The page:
La Morra debuts in U.S. with “Tears of a Lion”
Houston Early Music welcomes Swiss early music ensemble to Texas
HOUSTON, TX – Swiss early music ensemble La Morra will visit Palmer Memorial Episcopal Church in Houston on Friday, March 2, at 7:30 p.m., as part of its first U.S. tour, which will take it to six cities across the country. The 12-year-old group will present “Lacrime di Leo (Tears of a Lion): A Secret Concert for Pope Leo X” on Houston Early Music’s season, treating audiences to little-heard gems from the early Italian Renaissance.
Mainly known for his extravagant lifestyle financed by the sale of indulgences — indeed, it was these that prompted Martin Luther to open protest — Pope Leo X (1513-1521) loved the arts, especially music. So sensitive to music was he that he was observed by a composer named Carpentras to weep “pious tears” when listening to religious polyphony.
A member of the famous Medici family of Florence, Leo X was raised in an atmosphere of humanism and artistic appreciation, and he both played and composed music. He also surrounded himself with a select group of musicians known as the musici segreti (secret musicians) who played only for him, and those lucky enough to be invited to these private performances.
“With our program we would like to evoke an atmosphere of such a private performance,” said La Morra co-director Michal Gondko. “Although our choice of repertory is hypothetical, we have cast our net wide to draw as many true gems as possible from the extraordinarily rich musical culture of the early Italian Renaissance.”
Included on the program are works by many composers whose names may be little known to the general public. A wide range of offerings will be presented by the likes of Bartolomeo Tromboncino, Benedetto Gareth, Sebastiano Festa, Francesco da Milano, Juan del Encina, Guglielmo Ebreo and Nicolas Craen. “Those men composed some of the most extraordinary music of their time,” said Gondko, who researched the program at the venerable early music academy Schola Cantorum Basiliensis in Basle, where La Morra resides.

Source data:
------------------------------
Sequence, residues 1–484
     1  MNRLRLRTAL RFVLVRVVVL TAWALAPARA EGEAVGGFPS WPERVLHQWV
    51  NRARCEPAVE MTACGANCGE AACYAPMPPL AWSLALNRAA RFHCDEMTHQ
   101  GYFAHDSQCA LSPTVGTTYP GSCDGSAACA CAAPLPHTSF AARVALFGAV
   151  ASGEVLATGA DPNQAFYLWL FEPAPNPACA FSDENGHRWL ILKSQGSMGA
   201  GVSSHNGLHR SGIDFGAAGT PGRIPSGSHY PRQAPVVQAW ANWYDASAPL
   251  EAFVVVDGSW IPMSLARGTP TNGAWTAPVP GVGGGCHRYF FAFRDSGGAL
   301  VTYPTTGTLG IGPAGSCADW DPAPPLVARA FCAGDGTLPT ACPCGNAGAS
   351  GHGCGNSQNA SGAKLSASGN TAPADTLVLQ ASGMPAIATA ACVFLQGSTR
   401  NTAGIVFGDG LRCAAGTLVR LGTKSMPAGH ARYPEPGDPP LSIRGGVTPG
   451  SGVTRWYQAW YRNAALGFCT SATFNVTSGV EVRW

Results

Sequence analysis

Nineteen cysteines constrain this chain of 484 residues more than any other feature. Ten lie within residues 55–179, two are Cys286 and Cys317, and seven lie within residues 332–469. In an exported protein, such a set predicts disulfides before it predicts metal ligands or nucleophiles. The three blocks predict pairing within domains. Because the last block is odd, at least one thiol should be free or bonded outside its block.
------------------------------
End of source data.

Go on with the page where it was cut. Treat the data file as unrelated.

Listeners will hear madrigals, chansons, frottole and instrumental pieces performed on instruments of the period. Performers include Gondko (viola da mano, chitarrino and drum), co-director Corina Marti (flutes), Ryosuke Sakamoto (lute), Tore Eketorp (viola d’arco) and Giovanni Cantarini (voice). The secret musicians may even debut a “new” chanson by Leo X, who famously said, “Since God has given us the Papacy, let us enjoy it!”
La Morra will present “Lacrime di Leo (Tears of a Lion): A Secret Concert for Pope Leo X” on Friday, March 2, at 7:30 p.m. at Palmer Memorial Episcopal Church, 6221 Main St., Houston, Texas 77030. A pre-concert talk with members of La Morra will begin at 6:45 p.m.
Exploring history through music is a Houston Early Music hallmark. The group follows music from the Middle Ages through the 18th century, providing unique programming and world-class concerts performed with historical instruments and styles true to the period.
For more information about Houston Early Music and to purchase tickets and subscriptions, please visit www.HoustonEarlyMusic.org or call 713-432-1744.
CALENDAR EDITORS PLEASE NOTE:
What: LA MORRA, Swiss early music ensemble, on its first U.S. tour
Program: “Lacrime di Leo (Tears of a Lion): A Secret Concert for Pope Leo X,”
Where: Palmer Memorial Episcopal Church, 6221 Main St., Houston TX 77030
When: Friday, March 2 at 7:30 p.m. | Pre-concert talk with La Morra at 6:45 p.m.
Tickets: $35 general admission | $30 Seniors (60+) | $10 (students w/ student ID)
Available online at www.HoustonEarlyMusic.org or by calling 713-432-1744.
Presented by: HOUSTON EARLY MUSIC
Description: Swiss early music ensemble La Morra will visit Houston as part of its first U.S. tour. Houston Early Music presents the ensemble in a program titled “Lacrime di Leo (Tears of a Lion): A Secret Concert for Pope Leo X.”
HOUSTON EARLY MUSIC presents the world’s finest period ensembles and soloists who bring to life music from the Middle Ages through the Renaissance to the Baroque and Classical periods. One of the country’s leading early-music organizations, it is the city’s only presenting organization dedicated to covering the large historical span of early music in all of its forms. The nonprofit provides performance opportunities for up-and-coming and major early music artists from around the world in an annual concert series, and their educational outreach program introduces a future generation to a broad range of music. Houston Early Music is funded in part by grants from the City of Houston through Houston Arts Alliance and by the Texas Commission on the Arts and the National Endowment for the Arts. For more information, visit www.HoustonEarlyMusic.org.
Photo: La Morra. Photo credit: Susanna Drescher.